Ida weakens to a tropical storm; tropical disturbance 96E kills 124 in El Salvador

By: Dr. Jeff Masters , 3:20 PM GMT on November 09, 2009

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Tropical Storm Ida is steadily weakening as it hurtles northwards towards the Gulf of Mexico coast. Rains from Ida have already pushed into south-central Louisiana, where radar estimates indicate up to an inch of rain has fallen. Winds along the Gulf Coast of Mississippi, Alabama, and the Florida Panhandle were 20 - 25 mph this morning, and will steadily increase today as Ida draws near. Winds at the Mississippi Canyon buoy 150 miles south of Gulfport, MS were sustained at 45 mph at 8 am EST this morning, with 19 foot waves.


Figure 1. Microwave "radar in space" image of Ida taken at 7:15 am EST on Monday, 11/9/09. The eye is visible as a dark spot, but the eyewall has partially collapsed. The strongest echoes are on the north side of the storm, and Ida's heaviest rains and highest winds will hit the coast tonight, well in advance of the arrival of the center. Image credit: Navy Research Lab, Monterey.

Infrared and visible satellite loops show that wind shear has substantially degraded the appearance of Ida, and there is very little heavy thunderstorm activity in the storm's eyewall. Most of Ida's heavy thunderstorms have been displaced to the north of the storm, due to strong upper-level winds out of the southwest creating 30 knots of wind shear. Water vapor satellite imagery reveals a large area of dry air to the southwest of Ida, and the shear has now driven this dry air deep into the core of the storm, significantly disrupting it. The latest 6:30am EST vortex report from the Hurricane Hunters reported that the eyewall was ragged, and the pressure had risen to 997 mb. A recent microwave satellite image of Ida (Figure 1) shows that the eyewall is weak and has partially collapsed. Ida's most intense thunderstorms are on the north side of the storm, and the heaviest rains and highest winds will hit the coast tonight, well in advance of the arrival of the center.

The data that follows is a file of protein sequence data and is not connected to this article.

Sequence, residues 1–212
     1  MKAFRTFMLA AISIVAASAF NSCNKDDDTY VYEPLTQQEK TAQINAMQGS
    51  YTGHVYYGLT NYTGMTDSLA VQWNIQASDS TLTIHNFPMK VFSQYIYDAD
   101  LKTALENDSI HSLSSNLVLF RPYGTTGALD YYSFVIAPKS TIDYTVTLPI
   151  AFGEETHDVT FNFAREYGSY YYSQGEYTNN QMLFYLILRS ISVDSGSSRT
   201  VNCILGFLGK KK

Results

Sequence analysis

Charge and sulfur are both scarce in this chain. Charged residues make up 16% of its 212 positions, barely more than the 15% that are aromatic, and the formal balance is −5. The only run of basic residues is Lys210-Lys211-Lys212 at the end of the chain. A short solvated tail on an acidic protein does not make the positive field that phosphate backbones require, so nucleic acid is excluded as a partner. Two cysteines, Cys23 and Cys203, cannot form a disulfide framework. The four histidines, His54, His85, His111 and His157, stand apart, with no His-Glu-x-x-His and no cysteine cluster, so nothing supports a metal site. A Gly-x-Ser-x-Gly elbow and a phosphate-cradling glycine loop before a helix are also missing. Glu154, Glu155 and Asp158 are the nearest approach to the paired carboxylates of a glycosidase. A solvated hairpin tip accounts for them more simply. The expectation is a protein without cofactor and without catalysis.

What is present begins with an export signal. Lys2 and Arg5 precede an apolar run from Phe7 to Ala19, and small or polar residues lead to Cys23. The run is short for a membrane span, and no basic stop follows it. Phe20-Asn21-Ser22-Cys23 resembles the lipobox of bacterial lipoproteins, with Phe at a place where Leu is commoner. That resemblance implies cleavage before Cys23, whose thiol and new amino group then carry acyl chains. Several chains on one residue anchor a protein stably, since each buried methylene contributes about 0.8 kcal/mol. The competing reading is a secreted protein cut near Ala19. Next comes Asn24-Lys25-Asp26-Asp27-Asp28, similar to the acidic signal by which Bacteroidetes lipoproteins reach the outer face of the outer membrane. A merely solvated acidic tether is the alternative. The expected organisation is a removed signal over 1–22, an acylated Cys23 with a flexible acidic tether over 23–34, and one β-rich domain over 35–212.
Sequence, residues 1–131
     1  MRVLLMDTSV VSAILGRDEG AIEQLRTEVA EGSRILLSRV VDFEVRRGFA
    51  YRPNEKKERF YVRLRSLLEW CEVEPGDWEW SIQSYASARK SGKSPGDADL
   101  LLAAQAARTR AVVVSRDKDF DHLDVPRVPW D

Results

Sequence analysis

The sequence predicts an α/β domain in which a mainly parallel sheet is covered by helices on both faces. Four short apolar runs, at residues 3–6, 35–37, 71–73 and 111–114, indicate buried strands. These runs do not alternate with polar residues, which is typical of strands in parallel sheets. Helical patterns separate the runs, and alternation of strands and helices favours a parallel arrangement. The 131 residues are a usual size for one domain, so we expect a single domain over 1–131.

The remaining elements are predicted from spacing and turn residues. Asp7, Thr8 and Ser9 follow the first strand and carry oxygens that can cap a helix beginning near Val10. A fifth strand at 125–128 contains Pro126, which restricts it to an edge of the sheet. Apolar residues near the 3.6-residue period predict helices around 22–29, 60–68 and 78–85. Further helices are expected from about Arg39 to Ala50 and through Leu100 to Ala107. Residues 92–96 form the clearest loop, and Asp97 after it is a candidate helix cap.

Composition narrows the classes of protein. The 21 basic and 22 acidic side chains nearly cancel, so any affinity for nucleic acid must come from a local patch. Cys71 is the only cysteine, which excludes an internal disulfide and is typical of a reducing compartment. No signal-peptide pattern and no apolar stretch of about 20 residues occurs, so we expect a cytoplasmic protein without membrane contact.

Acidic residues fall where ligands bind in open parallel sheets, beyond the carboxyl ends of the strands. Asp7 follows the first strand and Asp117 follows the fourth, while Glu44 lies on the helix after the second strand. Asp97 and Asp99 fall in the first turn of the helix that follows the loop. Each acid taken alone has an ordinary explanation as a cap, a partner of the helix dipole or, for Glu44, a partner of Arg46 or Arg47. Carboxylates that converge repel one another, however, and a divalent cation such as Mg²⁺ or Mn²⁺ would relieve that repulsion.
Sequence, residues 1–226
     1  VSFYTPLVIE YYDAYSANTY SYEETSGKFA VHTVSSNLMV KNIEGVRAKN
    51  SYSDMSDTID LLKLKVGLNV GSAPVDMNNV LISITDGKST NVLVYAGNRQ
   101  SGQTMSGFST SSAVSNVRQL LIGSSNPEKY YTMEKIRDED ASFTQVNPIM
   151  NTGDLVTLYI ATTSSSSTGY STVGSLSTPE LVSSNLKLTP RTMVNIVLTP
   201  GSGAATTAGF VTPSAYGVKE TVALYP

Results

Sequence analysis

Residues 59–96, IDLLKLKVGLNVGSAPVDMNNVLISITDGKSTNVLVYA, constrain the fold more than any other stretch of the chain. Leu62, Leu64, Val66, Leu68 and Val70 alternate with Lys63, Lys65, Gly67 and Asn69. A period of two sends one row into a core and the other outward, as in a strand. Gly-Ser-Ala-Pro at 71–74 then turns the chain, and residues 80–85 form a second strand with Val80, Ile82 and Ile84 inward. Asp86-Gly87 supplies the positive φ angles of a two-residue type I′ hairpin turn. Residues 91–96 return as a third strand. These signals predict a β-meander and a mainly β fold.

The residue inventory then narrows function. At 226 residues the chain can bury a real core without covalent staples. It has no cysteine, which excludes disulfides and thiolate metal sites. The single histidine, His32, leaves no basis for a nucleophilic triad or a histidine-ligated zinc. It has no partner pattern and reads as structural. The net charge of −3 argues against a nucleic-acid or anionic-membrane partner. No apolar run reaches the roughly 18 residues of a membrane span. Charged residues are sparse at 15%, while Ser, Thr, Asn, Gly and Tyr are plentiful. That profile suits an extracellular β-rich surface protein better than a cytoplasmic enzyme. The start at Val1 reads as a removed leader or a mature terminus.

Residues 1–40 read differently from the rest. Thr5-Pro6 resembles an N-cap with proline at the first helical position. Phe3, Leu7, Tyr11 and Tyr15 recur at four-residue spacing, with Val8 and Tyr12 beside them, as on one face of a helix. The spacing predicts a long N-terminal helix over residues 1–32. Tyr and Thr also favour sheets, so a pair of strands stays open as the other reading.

The intensity forecast for Ida
The intensity forecast models predict that Ida's winds will range between 50 - 65 knots (58 - 74 mph) at landfall. The high wind shear of 30 knots currently affecting Ida is forecast to increase to 40 knots by late afternoon, and 55 knots by midnight. With Ida now over waters near 26°C, which is barely enough to support a hurricane, and with water temperatures decreasing to 23°C near the coast, the combination of high wind shear and cold waters will act to significantly weaken Ida. However, Ida is beginning to transition to an extratropical storm, and it is often the case that during such a transition the winds will gain energy from the process, though that's looking unlikely in this case. I expect Ida's top winds will be in the 50 - 60 mph range along the coast tonight and Tuesday morning. Regardless of Ida's strength at landfall, the storm will be able to dump 4 - 8 inches of rain along the Gulf Coast and well inland. We can't rule out the possibility of an isolated tornado when Ida makes landfall, but the Storm Prediction Center Discussion maintains that the airmass in place over the Gulf Coast is relatively stable, and prospects for an appreciable severe weather threat appear low.


Figure 2. Maximum storm surge (depth of water above ground) for a Category 1 hurricane with 85 mph winds moving north-northeast at 15 mph. Ida is expected to be moving at this speed and direction at landfall, but will be much weaker, so surges will not be this high. Furthermore, the storm will not create this level of surge along the entire coast--the image above is a composite worst-case scenario for all the storms shown by the black tracks with arrows. Image credit: NOAA SLOSH model run for Mobile Bay, 2008 version. Heights are given relative to the NAVD88 datum.

The storm surge forecast for Ida
Storm surge is the other major concern for Ida. With a strong high pressure system anchored over the U.S. today, the pressure difference between this high and Ida is creating a strong pressure gradient that was driving tides 2.5 feet above normal at Shell Beach, LA (on the east side of New Orleans) this morning, one foot above normal at Dauphin Island, AL, and one foot at Pensacola, FL (Figure 3). NHC is now calling for a storm surge of 3 - 5 feet above ground level, which is a reasonable forecast even if Ida weakens further. A large stretch of coast will be subject to very high water levels for an extended period of time today and tomorrow, with battering waves on top of the surge likely to cause a significant coastal erosion event. A particular concern is the western end of Alabama's Dauphin Island, when even a strong tropical storm can cause significant damage to the low-lying, heavily developed barrier island. The tidal range along the Gulf Coast varies by about 1.5 feet between low and high tide, and high tide is near 2 am EST on Tuesday.




Figure 3. Observed vs. predicted water levels at three coastal stations. Top: Shell Beach, LA (just east of New Orleans); middle: Dauphin Island, Alabama; bottom: Pensacola, FL. The green line shows how high above normal the water is. For Shell Beach, it was 2.5 feet above normal at 9am CST, while it was just over 1.0 feet above normal at the other two locations. Image credit: NOAA Tides and Currents.